Alan Tardi: It is a very stable process. You have to make a base wine. So you ferment grapes. They started sourcing different grape varieties from different areas throughout the extensive Champagne area. They would blend them together to make a decent wine. That’s the first fermentation.
Then they add a liqueur, called the tirage in French, it consists of primarily sugar, could be beet sugar or cane sugar; and yeast.
They’re put in individual bottles and then the bottle is sealed with a crown cap to keep the wine in the bottle. They would sit in a cellar for a period of time to create the secondary fermentation in a closed container. Like the initial fermentation process where the sugar goes to the yeast that is added to it. That creates a combination of sugar and yeast creates alcohol and carbon dioxide.
The carbon dioxide goes up, the alcohol stays in, and that’s how wine is made. But because [in still wine] it’s in an open container, the carbon dioxide goes out.
In a closed container [like in sparkling wine], in this case, a bottle, the carbon dioxide that was given off from the second fermentation was trapped inside the bottle. So once you open the bottle, the carbon dioxide would come up and out. And that’s where it comes from. That is what gives it the sparkle.
In Champagne, their method is known as the Method Champenoise.
They carry out the secondary fermentation in a closed bottle. Then, in the third part, they make the method Champenoise. It’s removing the sediment from the wine. There are many different ways to do it.
The most important common grapes for sparkling wine are Pinot Noir, Pinot Meurnier, Chardonnay. But your class reveals “lost grape varieties”. Tell me more about that.
Alan Tardi: These were grape varieties, typical of the area, that were used initially, but then people just put them by the side. The most important grape varieties were Chardonnay and Pinot Noir. Meunier was used as a workhorse, a filler, but it didn’t have the same identity that that Chardonnay and Pinot Noir had. Those are the three principal ones. Then [there was] these other varieties.
There’ve been major changes in the past 10 – 15 years in Champagne. It was driven by the Maison. Thousands of growers who supplied grapes to the Maison. Many times they would actually press the grapes, vinify the wine and then send the wine to the Maison.
They produced it for the houses. They didn’t have their own labels. That changed. A lot of the grower producers started labeling and selling their wine on their own. They got a lot of attention.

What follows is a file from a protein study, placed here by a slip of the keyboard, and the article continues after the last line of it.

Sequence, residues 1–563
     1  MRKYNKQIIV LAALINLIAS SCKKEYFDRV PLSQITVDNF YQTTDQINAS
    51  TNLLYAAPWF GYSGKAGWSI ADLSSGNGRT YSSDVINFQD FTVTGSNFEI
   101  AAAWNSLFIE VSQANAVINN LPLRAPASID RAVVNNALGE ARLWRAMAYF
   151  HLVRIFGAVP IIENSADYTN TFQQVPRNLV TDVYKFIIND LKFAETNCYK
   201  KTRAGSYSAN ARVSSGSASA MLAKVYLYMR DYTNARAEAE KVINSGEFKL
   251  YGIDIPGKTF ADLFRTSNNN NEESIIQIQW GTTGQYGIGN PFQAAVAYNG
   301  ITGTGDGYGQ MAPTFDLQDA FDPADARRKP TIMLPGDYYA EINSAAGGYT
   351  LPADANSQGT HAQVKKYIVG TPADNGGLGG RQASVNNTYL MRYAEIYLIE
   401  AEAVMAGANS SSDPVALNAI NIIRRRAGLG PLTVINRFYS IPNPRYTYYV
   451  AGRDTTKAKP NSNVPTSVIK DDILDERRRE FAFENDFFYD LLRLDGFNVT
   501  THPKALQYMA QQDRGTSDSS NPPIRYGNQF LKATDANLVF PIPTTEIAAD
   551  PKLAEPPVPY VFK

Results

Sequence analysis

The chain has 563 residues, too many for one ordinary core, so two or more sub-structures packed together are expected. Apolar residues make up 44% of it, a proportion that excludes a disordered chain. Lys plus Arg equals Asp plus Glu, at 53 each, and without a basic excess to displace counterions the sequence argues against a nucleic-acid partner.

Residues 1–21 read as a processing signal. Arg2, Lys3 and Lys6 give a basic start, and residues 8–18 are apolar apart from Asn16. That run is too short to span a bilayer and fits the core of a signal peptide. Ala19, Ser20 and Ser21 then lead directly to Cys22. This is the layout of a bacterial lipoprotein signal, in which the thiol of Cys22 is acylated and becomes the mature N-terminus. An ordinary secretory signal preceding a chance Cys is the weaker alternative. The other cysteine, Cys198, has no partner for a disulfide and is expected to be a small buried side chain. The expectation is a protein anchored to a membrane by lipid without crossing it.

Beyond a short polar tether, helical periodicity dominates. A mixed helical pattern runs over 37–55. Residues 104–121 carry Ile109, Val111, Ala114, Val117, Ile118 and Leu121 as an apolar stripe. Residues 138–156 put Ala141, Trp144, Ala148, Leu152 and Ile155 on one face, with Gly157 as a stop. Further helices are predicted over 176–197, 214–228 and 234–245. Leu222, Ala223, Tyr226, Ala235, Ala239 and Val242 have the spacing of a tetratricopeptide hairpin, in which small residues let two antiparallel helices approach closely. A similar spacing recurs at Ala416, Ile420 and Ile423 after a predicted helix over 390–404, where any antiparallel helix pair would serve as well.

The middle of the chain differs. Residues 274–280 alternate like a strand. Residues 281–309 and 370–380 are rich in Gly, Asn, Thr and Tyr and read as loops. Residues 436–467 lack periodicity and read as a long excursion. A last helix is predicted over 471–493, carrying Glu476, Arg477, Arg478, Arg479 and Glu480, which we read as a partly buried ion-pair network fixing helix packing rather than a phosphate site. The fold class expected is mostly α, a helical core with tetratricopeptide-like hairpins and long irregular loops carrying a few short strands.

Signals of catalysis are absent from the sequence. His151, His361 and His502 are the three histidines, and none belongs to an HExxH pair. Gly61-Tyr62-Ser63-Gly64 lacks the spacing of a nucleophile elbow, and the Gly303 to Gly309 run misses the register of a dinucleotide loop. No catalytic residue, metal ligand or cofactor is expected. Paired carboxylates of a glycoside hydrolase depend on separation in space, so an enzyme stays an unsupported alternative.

Some of these people were very loyal to the old grape varieties that were left on the side – they like Pinot Blanc, Pinot Gris – not very rare grape varieties, but people are not aware they are part of the grape varieties of Champagne.
Some people are really trying to promote those because it’s part of their culture. It’s part of their history.
There’s two others, Petit Mellier and Arban. It brings a whole new aspect to Champagne.
So we’re talking with Alan Tardi. On Wednesday, December 13th he hosts his new class Beyond Bubbles. One of those bubbles we’re going to be talking about is Prosecco. Frizzanti, Spumanti. Help us understand what these words mean, the region, how it all relates
Alan Tardi: Prosecco is one of the most misunderstood wines out there. There’s a lot more to it than most people are aware of. It’s not just a base for a Bellini or a cocktail, or just a cheap fix. There’s a lot more going on there than often meets the eye.
It’s a very old wine growing area. The original area is Conigliano Valdobbiadene. Fifiteen towns that make up the area in the hills just at the foot of the Dolomites in Veneto. They’ve been making wine there for a long time.
I have a feeling that the people who originally planted grape vines there were members of this Celtic Ligurian tribe that were up in Northern Italy, like in the Botellina and over in Liguria. They have this amazing capacity to plant vines in places where it’s very difficult.
Prosecco is very different from Champagne. I was living in Italy. I was going to Prosecco a lot because I did a story for Wine and Spirits Magazine about the Cartice area in Val di Biadena.
It blew my mind away. At the same time, I was starting to go to Champagne to research my book and I spent a lot of time there. I was finding a lot of similarities between these two very different wines.
Champagne began as a still wine called Coteaux Champenois. It had another wine in between. A sparkling wine, but a softer, lower amount of pressure called Cremant de Champagne.
In Prosecco, the traditional way of making wine was fermenting the wine. Then, they would put it in a container, either a barrel or a cement tank or in a bottle. The same thing happened. The fermentation would stop prematurely because it got too cold. Then, in the spring, when the temperature rose, the wine would wake up and the sugar would go back to work on whatever yeast was left.
Being in a closed container it would be fizzy. Now, in the bottle. The Italians had no problem with the sediment in the bottle.
I remember going there in 2013, I heard about this kind of Prosecco where the sediment was left in the bottle and people were a little bit embarrassed to show it.
This is actually called the Method Ancestral like they did in Limu.
They left the sediment in the bottle. It was just part of the wine. m In 1895, someone at Vinicultural Research Research Center in Asti named Martinotti, figured out they had a lot of sparkling wines in that area like Moscato.
Martinotti invented a system instead of having to do this process in the bottle, he created a large container with a top under pressure where the second fermentation could take place under pressure and then bottle it from there. It’s called the Martinotti Method that he created and patented in 1895.